NICK EICHER, HOST: A paramedic monitored the patient’s dangerously racing heart rate—from the back of a racing ambulance.
A 59-year-old man lay strapped on the gurney complaining of pain and shallow breathing, as his heart franticly pounded inside his chest.
Still miles away from the nearest hospital, one of emergency responders inside the ambulance did something that might have saved the patient’s life.
But it wasn’t the EMT seated next to him.
It was the driver.
He didn’t notice there was a massive pothole coming up, and the ambulance driver plowed straight into it.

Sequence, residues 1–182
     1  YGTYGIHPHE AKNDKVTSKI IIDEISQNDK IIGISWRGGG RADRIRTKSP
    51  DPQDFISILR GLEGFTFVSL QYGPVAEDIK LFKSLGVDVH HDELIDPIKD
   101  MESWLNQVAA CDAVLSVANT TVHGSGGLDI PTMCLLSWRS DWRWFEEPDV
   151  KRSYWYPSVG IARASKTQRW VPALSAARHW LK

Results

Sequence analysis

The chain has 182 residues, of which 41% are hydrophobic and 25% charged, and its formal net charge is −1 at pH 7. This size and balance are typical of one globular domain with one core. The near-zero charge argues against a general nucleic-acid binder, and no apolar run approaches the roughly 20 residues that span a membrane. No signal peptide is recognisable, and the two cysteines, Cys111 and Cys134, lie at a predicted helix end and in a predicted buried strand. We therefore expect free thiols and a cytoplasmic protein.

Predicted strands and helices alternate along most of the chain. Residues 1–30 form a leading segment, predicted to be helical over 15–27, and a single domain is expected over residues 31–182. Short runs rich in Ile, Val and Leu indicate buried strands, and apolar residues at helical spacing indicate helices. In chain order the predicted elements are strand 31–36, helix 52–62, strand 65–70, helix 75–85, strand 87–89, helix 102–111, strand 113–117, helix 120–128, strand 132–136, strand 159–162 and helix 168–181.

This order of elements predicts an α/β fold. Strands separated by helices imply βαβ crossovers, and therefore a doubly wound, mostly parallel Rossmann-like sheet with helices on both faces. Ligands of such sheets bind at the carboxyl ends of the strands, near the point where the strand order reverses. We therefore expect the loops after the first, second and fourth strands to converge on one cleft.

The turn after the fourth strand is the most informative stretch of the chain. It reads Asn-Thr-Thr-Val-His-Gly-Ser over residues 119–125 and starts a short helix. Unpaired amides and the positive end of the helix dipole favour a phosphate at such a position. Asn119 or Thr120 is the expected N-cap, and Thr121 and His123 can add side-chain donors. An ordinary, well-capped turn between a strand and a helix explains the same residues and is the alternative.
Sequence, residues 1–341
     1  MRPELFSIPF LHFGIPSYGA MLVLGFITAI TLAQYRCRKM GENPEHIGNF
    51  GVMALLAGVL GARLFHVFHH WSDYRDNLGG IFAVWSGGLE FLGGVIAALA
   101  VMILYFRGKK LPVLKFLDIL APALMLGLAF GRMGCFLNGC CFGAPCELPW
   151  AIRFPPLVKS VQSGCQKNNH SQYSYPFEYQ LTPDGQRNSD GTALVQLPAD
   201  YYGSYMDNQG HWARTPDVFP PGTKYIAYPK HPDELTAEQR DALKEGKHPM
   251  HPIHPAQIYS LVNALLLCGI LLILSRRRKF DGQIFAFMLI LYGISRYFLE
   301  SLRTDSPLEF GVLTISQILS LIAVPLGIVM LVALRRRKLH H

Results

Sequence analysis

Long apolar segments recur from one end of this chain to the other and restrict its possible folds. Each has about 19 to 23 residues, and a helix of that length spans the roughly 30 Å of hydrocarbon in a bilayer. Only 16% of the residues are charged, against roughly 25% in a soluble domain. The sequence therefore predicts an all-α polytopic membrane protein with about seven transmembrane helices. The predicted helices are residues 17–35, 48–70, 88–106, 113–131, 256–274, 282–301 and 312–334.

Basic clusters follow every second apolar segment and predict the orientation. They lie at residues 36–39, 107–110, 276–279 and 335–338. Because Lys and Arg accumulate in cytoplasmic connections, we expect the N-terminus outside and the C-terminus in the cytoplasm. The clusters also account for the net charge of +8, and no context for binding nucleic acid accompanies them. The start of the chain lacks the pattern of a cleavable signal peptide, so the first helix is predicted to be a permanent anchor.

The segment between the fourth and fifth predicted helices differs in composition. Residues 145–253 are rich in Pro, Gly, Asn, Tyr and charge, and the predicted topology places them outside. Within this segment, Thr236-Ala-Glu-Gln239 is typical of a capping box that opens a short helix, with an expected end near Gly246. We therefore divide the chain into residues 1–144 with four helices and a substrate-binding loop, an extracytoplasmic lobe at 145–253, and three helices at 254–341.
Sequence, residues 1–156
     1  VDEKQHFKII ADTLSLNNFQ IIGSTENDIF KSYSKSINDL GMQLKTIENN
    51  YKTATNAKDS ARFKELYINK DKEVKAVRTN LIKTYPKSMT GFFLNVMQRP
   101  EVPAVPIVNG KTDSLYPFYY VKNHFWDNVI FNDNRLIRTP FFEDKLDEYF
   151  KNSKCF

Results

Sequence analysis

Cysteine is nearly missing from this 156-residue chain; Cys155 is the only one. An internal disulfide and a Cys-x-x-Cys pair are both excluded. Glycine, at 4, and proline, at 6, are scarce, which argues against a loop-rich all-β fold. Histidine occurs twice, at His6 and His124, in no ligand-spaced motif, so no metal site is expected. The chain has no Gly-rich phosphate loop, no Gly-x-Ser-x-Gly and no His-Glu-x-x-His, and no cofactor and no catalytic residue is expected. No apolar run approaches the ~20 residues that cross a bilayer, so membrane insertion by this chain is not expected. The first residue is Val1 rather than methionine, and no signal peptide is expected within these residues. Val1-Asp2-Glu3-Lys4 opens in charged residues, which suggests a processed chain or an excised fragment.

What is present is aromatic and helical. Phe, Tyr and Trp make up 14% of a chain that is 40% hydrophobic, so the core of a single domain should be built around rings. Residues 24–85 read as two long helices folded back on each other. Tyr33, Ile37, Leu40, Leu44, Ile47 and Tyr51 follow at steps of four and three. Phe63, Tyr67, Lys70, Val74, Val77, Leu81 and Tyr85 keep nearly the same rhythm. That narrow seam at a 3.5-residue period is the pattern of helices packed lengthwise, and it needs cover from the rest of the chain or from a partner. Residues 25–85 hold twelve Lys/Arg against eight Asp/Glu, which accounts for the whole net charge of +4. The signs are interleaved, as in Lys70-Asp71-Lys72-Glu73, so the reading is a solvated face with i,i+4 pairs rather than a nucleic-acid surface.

With a violent kick, the tire sank into the cratered asphalt and bounced back out and the force of that was enough to jolt the patient’s racing heart back to normal.
An emergency-room physician told the Omaha, Nebraska World-Herald newspaper that sometimes, that’s exactly what it takes: a sudden physical jolt to return a heart to normal rhythm.
But a pothole potentially saving a man’s life, the doctor said, “That’s a new one for the books.”
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